"Scout's Oath. That 'and yet' requires elucidation at any cost."

"I know. But first, yes, it's Alex. I never would have believed that any man ever born could hit me so hard. Soon. I didn't want to be the first, but I won't be anywhere near the last. But tell me. You were really in love with Temple, weren't you, when I asked you?"

"Yes."

"Ha! You are letting your hair down! That makes me feel better."

"Huh? Why should it?"

"It elucidates the 'and yet' no end. You were insulated from all other female charms by ye brazen Bells. You see, most of us assistants made a kind of game out of seeing which of us could make you break the Executives' Code. And none of us made it. Teddy and Temple said you didn't know what was going on; Bev and I said nobody as smart as you are could possibly be that stupid."

"You aren't the type to leak or name names—oh, I see. You are merely reporting a conversation. The game had interested, but non-participating, observers. Temple and Teddy, at least."

"At least," she agreed. "But damn it, you aren't stupid. There isn't a stupid bone in your head. So it must be love. And if so, what about marriage? Why don't you and Temple make it a double with Alex and me?"

"That's the most cogent thought you ever had, but setting the date is the bride's business." He glanced at his Oman wristwatch. "It's early yet; let's skip over. I wouldn't mind seeing her a minute or two."

"Thy statement ringeth with truth, friend. Bill's there with Teddy?"

"I imagine so."

"So we'll talk to them about making it a triple. Oh, nice—let's go!"

They left the house and, her hand tucked under his elbow, walked up the street.

* * * * *

Next morning, on her way to the Hall of Records, Sandra stopped off as usual at the office. The Omans were all standing motionless. Hilton was leaning far back in his chair, feet on desk, hands clasped behind head, eyes closed. Knowing what that meant, she turned and started back out on tiptoe.

However, he had heard her. "Can you spare a couple of minutes to think at me, Sandy?"

"Minutes or hours, chief." Tuly placed a chair for her and she sat down, facing him across his desk.

"Thanks, gal. This time it's the Stretts. Sawtelle's been having nightmares, you know, ever since we emerged, about being attacked, and I've been pooh-poohing the idea. But now it's a statistic that the soup is getting thicker, and I can't figure out why. Why in all the hells of space should a stasis that has lasted for over a quarter of a million years be broken at this exact time? The only possible explanation is that we caused the break. And any way I look at that concept, it's plain idiocy."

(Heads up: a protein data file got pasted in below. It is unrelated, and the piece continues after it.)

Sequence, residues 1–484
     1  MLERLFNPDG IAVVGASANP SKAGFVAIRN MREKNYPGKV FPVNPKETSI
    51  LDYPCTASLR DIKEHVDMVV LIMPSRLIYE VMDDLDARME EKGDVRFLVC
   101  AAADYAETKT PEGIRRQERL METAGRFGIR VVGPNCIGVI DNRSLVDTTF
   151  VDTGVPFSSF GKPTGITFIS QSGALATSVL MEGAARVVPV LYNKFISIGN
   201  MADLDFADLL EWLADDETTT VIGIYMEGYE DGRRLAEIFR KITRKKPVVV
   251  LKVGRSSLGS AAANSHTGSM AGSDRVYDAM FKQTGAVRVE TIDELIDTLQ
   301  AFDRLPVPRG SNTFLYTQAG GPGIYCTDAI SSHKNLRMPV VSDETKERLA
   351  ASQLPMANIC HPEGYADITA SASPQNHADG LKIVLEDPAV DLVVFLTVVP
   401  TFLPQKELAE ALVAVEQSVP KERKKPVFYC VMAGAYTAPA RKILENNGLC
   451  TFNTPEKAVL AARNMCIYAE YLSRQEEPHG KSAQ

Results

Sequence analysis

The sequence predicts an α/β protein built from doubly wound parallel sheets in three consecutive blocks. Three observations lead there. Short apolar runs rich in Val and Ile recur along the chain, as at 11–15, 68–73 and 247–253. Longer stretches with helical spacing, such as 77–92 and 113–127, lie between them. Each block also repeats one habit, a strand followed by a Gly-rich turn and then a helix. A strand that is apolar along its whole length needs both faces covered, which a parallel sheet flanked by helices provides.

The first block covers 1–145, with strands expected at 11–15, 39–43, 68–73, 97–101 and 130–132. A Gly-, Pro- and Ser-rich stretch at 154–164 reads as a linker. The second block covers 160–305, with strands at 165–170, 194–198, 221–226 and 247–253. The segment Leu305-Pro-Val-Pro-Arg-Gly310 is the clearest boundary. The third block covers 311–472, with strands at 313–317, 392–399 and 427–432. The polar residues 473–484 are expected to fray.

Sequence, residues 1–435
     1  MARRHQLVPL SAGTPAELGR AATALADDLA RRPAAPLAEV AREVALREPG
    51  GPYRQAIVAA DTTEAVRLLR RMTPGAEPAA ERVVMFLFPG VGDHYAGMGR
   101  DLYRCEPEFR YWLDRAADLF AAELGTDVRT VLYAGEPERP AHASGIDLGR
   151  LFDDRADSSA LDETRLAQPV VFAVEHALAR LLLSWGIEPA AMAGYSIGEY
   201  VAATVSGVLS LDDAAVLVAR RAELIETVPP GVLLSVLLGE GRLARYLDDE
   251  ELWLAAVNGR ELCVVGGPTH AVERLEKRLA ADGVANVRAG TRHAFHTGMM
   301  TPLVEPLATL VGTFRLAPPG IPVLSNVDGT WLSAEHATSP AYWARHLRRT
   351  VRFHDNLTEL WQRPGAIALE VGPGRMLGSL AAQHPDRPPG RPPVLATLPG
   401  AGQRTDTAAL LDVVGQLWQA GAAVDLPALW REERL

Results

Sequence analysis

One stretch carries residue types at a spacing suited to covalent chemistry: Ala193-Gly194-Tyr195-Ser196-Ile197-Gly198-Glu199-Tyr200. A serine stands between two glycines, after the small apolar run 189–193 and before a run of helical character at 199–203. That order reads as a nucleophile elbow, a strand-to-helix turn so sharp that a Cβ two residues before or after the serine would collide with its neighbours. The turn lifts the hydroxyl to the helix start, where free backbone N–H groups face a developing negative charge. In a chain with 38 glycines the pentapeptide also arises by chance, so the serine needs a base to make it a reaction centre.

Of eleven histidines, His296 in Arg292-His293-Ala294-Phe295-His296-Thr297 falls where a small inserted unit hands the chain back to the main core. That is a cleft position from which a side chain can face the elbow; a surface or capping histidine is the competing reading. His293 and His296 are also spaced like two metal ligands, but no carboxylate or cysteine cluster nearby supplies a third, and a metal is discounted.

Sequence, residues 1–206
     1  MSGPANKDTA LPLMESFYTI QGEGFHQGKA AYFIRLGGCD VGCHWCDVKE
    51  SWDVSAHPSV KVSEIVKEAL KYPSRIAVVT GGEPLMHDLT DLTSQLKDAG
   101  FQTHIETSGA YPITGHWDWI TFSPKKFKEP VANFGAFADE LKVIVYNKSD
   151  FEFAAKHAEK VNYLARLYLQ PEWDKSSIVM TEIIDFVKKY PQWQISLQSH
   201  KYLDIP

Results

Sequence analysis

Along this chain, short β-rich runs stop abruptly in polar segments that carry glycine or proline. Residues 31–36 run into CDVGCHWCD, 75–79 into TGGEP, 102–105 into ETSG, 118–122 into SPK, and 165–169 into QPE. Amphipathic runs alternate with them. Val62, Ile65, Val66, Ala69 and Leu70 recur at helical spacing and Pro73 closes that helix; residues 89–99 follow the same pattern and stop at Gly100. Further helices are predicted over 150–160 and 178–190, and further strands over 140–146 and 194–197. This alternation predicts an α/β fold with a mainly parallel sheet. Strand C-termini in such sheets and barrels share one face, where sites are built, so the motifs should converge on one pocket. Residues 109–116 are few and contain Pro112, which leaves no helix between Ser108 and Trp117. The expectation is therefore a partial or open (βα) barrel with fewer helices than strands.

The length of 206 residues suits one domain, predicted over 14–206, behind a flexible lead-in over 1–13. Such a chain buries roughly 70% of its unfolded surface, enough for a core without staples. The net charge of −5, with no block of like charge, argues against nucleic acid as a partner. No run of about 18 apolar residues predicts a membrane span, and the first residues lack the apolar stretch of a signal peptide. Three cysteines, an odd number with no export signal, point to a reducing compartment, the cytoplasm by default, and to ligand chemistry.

Both were silent for minutes; and then it was demonstrated again that Terra's Advisory Board had done better than it knew in choosing Sandra Cummings to be Jarvis Hilton's working mate.

"We did cause it, Jarve," she said, finally. "They knew we were coming, even before we got to Fuel Bin. They knew we were human and tried to wipe out the Omans before we got there. Preventive warfare, you know."

"They couldn't have known!" he snorted. "Strett detectors are no better than Oman, and you know what Sam Bryant had to say about them."

"I know." Sandra grinned appreciatively. "It's becoming a classic. But it couldn't have been any other way. Besides, I know they did."

He stared at her helplessly, then swung on Larry. "Does that make sense to you?"

"Yes, sir. The Stretts could peyondire as well as the old Masters could, and they undoubtedly still can and do."

"Okay, it does make sense, then." He absented himself in thought, then came to life with a snap. "Okay! The next thing on the agenda is a crash-priority try at a peyondix team. Tuly, you organized a team to generate sathura. Can you do the same for peyondix?"

"If we can find the ingredients, yes, sir."

* * * * *

"I had a hunch. Larry, please ask Teddy Blake's Oman to bring her in here...."

"I'll be running along, then." Sandra started to get up.

"I hope to kiss a green pig you won't!" Hilton snapped. "You're one of the biggest wheels. Larry, we'll want Temple Bells and Beverly Bell—for a start."

"Chief, you positively amaze me," Sandra said then. "Every time you get one of these attacks of genius—or whatever it is—you have me gasping like a fish. Just what can you possibly want of Bev Bell?"

"Whatever it was that enabled her to hit the target against odds of almost infinity to one; not just once, but time after time. By definition, intuition. What quality did you use just now in getting me off the hook? Intuition. What makes Teddy Blake such an unerring performer? Intuition again. My hunches—they're intuition, too. Intuition, hell! Labels—based on utterly abysmal damned dumb ignorance of our own basic frames of reference. Do you think those four kinds of intuition are alike, by seven thousand rows of apple trees?"

"Of course not. I see what you're getting at.... Oh! This'll be fun!"

The others came in and, one by one, Tuly examined each of the four women and the man. Each felt the probing, questioning feelers of her thought prying into the deepest recesses of his mind.

"There is not quite enough of each of three components, all of which are usually associated with the male. You, sir, have much of each, but not enough. I know your men quite well, and I think we will need the doctors Kincaid and Karns and Poynter. But such deep probing is felt. Have I permission, sir?"

"Yes. Tell 'em I said so."

Tuly scanned. "Yes, sir, we should have all three."

"Get 'em, Larry." Then, in the pause that followed: "Sandy, remember yowling about too many sweeties on a team? What do you think of this business of all sweeties?"